If you regard government as a necessary evil, you don’t think much of government employees.
That disdain is plain in North Carolina. Since conservatives took control of the General Assembly in 2011, state employees have been treated like serfs.
The state’s 85,000 workers have received a total of 3.5 percent in across-the-board wage increases in the last five years. Given the effects of inflation, state employee pay has actually fallen nearly 9 percent since 2010, according to the State Employees Association of North Carolina.
“There’s no way we’re going to keep a quality work force when they are being treated the way they are treated,” says Ardis Watkins, SEANC’s government relations director.
For the first couple of years of Republican control of the General Assembly, Republican leaders could defend their miserly treatment of state employees as part of a general austerity after a deep recession. But even with the state economy showing a steady recovery and tax revenues exceeding projections, the clamp on state employee pay remains tight.
Even in an election year, the proposed state budgets offer little. The governor proposes giving state employees a one-time 3 percent average bonus. The House plan offers 2 percent raises and a $500 one-time bonus that wouldn’t count toward their retirement. And the Senate budget is stingiest of all, offering a 1 percent merit raise and a 1 percent merit bonus, meaning most state employees would get no increase.
State retirees, many of whom gave all or most of their working lives to state service, are out of sight and mind. The Senate plan offers no cost-of-living increase – essentially a cut – while the House wants to give them a 1.6 percent increase.
It’s becoming clear that legislative leaders no longer accept the idea of regular increases in state employee pay. Instead, they prefer one-time bonuses when revenues are flush, merit increases for selected employees and spot hikes for public jobs that employees are quitting to earn more in the private sector.
Meanwhile, the rank and file work on for pay that shrinks with higher medical insurance costs and deductions and inflation.
Wendell Powell is a sergeant supervising guards at the state’s Wake Correctional Center in Raleigh. Now 40, he has been a state employee for 13 years. He has improved his salary by getting promoted – he’s seeking a step up to lieutenant – but he sees how flat pay and the erosion of inflation and the toll of higher medical costs are making state employment less appealing.
“I’m not looking to get rich, but I expect my benefits to match the long hours and energy I put in. I work holidays and nights,” he says. “I’ve dedicated myself to the state like most state workers, and we just want the same dedication put back into us.”
Powell estimates that 80 percent of the state employees he knows work second jobs, and low pay is increasing turnover. He supervises 11 guards, and almost half of them have been in the job a year or less. The state may fill its jobs, but it’s losing expertise.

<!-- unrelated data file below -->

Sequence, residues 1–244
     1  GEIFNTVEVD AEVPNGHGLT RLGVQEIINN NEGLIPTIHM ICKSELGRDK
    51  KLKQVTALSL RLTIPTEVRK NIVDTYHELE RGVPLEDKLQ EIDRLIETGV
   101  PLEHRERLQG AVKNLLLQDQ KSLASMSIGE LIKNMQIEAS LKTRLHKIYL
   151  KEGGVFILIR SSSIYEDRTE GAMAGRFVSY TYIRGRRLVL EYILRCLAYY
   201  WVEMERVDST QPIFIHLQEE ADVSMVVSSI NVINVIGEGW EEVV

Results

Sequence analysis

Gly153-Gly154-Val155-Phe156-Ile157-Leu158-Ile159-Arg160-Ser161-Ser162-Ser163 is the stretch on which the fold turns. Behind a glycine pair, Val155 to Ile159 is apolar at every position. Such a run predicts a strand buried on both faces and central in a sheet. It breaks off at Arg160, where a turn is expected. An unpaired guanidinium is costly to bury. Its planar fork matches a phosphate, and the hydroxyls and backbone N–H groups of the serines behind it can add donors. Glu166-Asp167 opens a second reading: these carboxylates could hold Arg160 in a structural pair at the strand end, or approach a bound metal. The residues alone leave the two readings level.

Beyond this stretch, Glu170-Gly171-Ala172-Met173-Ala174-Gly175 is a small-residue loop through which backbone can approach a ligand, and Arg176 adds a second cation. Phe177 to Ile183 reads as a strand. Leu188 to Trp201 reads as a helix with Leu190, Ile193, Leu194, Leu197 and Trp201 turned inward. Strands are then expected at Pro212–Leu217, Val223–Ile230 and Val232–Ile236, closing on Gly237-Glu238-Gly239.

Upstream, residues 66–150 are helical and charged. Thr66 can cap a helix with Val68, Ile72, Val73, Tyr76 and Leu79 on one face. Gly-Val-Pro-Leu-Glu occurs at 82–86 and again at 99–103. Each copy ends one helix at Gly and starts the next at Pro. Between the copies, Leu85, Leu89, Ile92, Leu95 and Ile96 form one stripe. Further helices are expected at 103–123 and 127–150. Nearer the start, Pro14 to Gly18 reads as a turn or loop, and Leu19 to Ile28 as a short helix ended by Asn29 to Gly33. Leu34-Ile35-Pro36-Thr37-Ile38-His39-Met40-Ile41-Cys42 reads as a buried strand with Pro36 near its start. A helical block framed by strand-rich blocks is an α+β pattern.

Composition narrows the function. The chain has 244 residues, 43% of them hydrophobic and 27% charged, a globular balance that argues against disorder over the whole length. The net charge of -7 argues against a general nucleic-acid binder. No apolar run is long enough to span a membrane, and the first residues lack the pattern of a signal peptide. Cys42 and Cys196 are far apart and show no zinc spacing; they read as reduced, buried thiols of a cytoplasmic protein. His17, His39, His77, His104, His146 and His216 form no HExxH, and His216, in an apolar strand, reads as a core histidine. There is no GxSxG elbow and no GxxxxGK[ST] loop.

“You have new officers training new officers,” he says. “You need those guys who’ve been here 10 and 20 years to teach them the unwritten rules, the dos and don’ts. (New guards) don’t understand inmate behavior. They don’t know how things work, and that opens up the department for more lawsuits or mistakes.”
Many workers in North Carolina’s private sector may have little sympathy for their public counterparts. After all, state employees still have benefits, including a pension, and a degree of job security, all things that have widely disappeared in the harsh new world of employment defined by bare-bones benefits or temporary and contract work that has no benefits.
But the public and the state are not served well by the denial of state employees. They do important work, much of it devoted to keeping people safe in buildings, on highways or in institutions. And solid government jobs at the local, state and federal levels boost the state economy and support the shrinking middle class.
North Carolina’s conservative leaders who claim to know so much about business seem not to grasp the essential role of employees. The level of their expertise and morale will determine whether an enterprise succeeds. And that applies to all organized efforts – public or private.
Letting talented, experienced workers drain out of state government and demeaning those who remain won’t produce some tonic for free enterprise. It will produce a state government of more waste and inefficiency and potentially more corruption that in turn creates an environment in which the quality of life is diminished, and it will be harder for businesses to thrive.
Barnett: 919-829-4512, firstname.lastname@example.org